Wednesday, 18 April 2012

The King's Speech - review

Written by: Seona (@SeonaMcclintock)

Wyndham's Theatre, London

Although David Seidler’s stage play came first, this production of The King’s Speech will be under the eternal curse of the multi Oscar-winning film directed by Tom Hooper in 2010. It was perhaps intended to cash in on the mania that ensued and the current cultural obsession with the Royal Family – following Will and Kate’s big day and the upcoming Jubilee – but it just feels too soon. Charles Edwards in the central role of stuttering George VI, however impressive, can’t quite match Colin Firth. But I can’t help feeling that his performance, along with those of Jonathan Hyde as the King’s speech therapist, Lionel Logue, and Emma Fielding as Queen Elizabeth, would have been more appreciated – by me and others – if they hadn’t been put up against the unbridled success of the film.
Cinematic comparisons aside, the set was altogether too clunky and contrived. A huge black frame divided the stage in half and would spin around to indicate a change of location. Other than this device, which also doubled as a screen for some unnecessary film footage and an obstacle course for actors, the set was oddly minimalistic, letting Seidler’s language and characters take centre stage (metaphorically at least). The first part of each act was lost in a dizzying flurry of moving objects that took up more time than the acting itself, which was a shame since the play – at 2 hours and 5 minutes – was already rather short. It also created a disjointed, jumpy effect, like the beginning of a TV show when they have 30 seconds to fill you in on the series so far. Except in this case they were trying to skim over decades of royal and political history.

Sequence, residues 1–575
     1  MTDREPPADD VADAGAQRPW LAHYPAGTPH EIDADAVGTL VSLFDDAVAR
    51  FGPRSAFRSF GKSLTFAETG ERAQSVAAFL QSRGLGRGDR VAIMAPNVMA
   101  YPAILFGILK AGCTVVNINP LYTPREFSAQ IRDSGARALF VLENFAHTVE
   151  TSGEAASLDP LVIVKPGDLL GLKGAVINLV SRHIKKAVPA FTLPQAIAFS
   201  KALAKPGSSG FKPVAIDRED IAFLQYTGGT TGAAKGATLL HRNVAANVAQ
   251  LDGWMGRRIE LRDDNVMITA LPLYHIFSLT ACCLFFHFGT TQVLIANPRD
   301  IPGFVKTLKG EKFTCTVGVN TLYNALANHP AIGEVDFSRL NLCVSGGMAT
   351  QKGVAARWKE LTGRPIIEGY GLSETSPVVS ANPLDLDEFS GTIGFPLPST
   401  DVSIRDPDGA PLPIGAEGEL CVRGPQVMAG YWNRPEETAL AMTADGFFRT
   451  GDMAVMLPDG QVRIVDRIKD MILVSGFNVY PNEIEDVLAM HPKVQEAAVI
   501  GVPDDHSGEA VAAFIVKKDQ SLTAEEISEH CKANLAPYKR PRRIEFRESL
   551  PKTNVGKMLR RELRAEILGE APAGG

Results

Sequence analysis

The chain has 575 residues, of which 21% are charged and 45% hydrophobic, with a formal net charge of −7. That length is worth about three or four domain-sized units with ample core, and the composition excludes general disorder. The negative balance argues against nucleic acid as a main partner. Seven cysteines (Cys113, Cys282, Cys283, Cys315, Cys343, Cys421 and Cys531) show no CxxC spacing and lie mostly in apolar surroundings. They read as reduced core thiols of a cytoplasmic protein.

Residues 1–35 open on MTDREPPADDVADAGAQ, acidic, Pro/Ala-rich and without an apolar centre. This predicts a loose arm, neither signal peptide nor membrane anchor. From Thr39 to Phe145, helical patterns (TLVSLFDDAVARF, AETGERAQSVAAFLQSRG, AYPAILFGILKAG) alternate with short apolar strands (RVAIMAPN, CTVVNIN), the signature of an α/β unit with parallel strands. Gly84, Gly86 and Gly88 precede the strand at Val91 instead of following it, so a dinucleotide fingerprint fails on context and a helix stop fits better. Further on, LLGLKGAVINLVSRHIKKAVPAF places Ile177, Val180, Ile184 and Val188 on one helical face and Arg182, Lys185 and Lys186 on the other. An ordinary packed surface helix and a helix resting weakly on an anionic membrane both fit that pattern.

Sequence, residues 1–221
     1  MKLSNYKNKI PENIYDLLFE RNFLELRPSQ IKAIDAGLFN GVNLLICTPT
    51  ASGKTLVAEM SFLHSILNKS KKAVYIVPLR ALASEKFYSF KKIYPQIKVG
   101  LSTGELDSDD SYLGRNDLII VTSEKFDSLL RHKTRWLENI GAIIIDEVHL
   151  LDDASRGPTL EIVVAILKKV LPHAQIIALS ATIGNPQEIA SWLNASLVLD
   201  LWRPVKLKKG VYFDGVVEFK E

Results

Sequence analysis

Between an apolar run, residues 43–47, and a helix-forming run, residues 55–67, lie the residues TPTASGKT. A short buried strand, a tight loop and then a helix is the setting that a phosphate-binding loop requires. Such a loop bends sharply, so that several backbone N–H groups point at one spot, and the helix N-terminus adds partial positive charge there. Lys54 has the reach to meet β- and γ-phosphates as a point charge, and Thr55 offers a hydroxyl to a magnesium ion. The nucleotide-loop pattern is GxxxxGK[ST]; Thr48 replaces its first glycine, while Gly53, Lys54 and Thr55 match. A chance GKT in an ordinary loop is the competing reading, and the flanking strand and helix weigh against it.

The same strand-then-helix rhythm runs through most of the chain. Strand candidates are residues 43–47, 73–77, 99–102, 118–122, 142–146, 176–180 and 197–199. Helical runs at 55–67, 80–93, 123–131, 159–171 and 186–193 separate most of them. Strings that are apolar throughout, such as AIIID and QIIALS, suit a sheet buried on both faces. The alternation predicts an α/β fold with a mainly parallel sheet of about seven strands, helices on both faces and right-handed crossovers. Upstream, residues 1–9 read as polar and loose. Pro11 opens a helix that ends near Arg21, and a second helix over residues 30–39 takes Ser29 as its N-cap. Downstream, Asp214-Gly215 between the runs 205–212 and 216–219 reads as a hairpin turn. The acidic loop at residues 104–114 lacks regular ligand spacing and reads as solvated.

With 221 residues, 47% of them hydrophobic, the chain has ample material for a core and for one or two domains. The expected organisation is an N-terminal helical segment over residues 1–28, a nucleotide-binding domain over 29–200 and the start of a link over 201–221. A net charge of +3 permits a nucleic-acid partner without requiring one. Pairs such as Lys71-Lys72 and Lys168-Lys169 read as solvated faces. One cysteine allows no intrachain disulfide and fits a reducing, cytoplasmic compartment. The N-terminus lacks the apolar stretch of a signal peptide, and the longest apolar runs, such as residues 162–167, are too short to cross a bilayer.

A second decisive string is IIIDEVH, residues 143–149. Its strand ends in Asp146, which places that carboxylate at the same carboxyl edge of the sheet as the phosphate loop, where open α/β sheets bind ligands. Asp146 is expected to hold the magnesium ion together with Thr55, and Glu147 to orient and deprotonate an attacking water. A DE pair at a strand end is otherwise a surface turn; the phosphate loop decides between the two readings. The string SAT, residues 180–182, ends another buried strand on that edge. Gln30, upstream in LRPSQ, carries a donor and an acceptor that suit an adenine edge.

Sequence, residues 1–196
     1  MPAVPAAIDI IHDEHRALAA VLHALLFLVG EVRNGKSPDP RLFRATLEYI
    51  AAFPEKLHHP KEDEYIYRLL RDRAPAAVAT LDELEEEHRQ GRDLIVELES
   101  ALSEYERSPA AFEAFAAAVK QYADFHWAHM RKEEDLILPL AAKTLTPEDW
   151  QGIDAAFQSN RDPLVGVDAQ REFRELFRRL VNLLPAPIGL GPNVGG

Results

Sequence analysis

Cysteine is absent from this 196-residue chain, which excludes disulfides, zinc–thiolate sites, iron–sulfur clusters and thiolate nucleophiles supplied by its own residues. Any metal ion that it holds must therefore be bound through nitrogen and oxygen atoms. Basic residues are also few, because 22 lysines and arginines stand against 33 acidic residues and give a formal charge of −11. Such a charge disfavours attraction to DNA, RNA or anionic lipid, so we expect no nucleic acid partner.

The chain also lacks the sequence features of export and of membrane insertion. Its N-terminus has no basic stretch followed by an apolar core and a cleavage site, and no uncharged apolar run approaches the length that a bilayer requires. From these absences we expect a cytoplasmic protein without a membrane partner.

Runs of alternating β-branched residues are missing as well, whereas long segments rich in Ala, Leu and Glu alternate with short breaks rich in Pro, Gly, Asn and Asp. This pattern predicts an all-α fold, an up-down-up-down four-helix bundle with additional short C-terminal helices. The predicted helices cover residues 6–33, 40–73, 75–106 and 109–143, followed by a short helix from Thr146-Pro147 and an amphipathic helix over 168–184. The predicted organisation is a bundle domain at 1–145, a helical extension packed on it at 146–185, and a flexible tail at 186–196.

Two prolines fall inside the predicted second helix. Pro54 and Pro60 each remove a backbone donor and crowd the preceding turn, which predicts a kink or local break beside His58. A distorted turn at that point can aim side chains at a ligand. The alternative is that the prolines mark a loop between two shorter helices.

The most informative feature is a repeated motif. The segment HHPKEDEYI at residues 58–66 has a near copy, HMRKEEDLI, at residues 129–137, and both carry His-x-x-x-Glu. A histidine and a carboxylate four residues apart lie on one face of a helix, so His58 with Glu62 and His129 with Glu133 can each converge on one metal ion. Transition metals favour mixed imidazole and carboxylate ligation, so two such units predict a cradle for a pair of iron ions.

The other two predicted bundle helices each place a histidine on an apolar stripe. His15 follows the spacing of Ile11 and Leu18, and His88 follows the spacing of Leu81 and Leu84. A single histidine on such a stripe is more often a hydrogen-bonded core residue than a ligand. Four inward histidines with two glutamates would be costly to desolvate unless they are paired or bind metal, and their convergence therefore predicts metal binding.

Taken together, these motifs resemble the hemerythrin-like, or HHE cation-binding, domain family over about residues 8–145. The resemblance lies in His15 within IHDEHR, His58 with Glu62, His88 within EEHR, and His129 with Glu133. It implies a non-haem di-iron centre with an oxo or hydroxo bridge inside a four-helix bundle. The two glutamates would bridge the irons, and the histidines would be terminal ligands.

It’s not until we reach Lionel Logue’s study that we settle into a comfortable location long enough to enjoy the story. In the midst of the chaos of giant frames, the scenes here and in Logue’s home, give us some truly touching moments and glimmers of a special stage chemistry between Hyde and Edwards. At the end of the day, this play is not about the King or his stutter, but about his relationship with his eccentric speech therapist, which together these actors convey movingly.

Fielding shines as the reluctant King’s wife, and Charlotte Randle as the desperately homesick Myrtle Logue gives a very human aspect to the political turmoil that surrounds the central relationships. Another notable performance comes from Joss Ackland as King George V, giving the part all the weight and wit it needed. In fact, good performances are too many to mention (with a few exceptions, but I’ll let you spot them yourself), which is just as well given the ropey start.

Go and see it for the acting alone (but maybe not if you’re a huge fan of the film).
The King's Speech is booking until 21st July 2012.

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